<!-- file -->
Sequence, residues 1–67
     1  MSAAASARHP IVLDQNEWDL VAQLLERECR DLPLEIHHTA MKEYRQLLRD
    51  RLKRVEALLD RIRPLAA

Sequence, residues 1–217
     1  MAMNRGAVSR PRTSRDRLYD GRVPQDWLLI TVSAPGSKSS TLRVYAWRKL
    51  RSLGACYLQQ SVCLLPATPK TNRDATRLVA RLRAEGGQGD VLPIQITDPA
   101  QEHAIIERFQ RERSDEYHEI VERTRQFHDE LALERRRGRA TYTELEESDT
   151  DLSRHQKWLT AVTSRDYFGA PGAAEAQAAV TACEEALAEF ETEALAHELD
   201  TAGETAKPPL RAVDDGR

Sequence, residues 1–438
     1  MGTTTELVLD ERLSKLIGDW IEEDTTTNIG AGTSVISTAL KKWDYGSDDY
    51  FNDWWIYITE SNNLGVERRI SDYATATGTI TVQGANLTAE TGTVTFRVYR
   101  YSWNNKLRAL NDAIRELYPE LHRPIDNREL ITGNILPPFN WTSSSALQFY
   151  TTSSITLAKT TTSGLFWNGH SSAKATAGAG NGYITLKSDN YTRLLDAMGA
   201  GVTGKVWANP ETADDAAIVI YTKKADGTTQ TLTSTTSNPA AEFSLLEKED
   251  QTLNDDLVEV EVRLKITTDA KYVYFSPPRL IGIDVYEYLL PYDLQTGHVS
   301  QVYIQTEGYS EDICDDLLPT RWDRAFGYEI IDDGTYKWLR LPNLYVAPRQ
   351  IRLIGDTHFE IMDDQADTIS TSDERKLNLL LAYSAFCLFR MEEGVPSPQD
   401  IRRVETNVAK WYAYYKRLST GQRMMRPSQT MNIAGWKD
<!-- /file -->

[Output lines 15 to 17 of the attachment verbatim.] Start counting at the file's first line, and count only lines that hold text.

   201  GVTGKVWANP ETADDAAIVI YTKKADGTTQ TLTSTTSNPA AEFSLLEKED
   251  QTLNDDLVEV EVRLKITTDA KYVYFSPPRL IGIDVYEYLL PYDLQTGHVS
   301  QVYIQTEGYS EDICDDLLPT RWDRAFGYEI IDDGTYKWLR LPNLYVAPRQ